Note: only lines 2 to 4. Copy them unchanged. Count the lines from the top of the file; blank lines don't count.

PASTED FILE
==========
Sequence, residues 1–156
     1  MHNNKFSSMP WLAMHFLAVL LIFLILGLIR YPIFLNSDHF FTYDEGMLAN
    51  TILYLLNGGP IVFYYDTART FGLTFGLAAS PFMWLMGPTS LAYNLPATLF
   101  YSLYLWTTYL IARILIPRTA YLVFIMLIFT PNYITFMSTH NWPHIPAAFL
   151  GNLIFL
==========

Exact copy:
     1  MHNNKFSSMP WLAMHFLAVL LIFLILGLIR YPIFLNSDHF FTYDEGMLAN
    51  TILYLLNGGP IVFYYDTART FGLTFGLAAS PFMWLMGPTS LAYNLPATLF
   101  YSLYLWTTYL IARILIPRTA YLVFIMLIFT PNYITFMSTH NWPHIPAAFL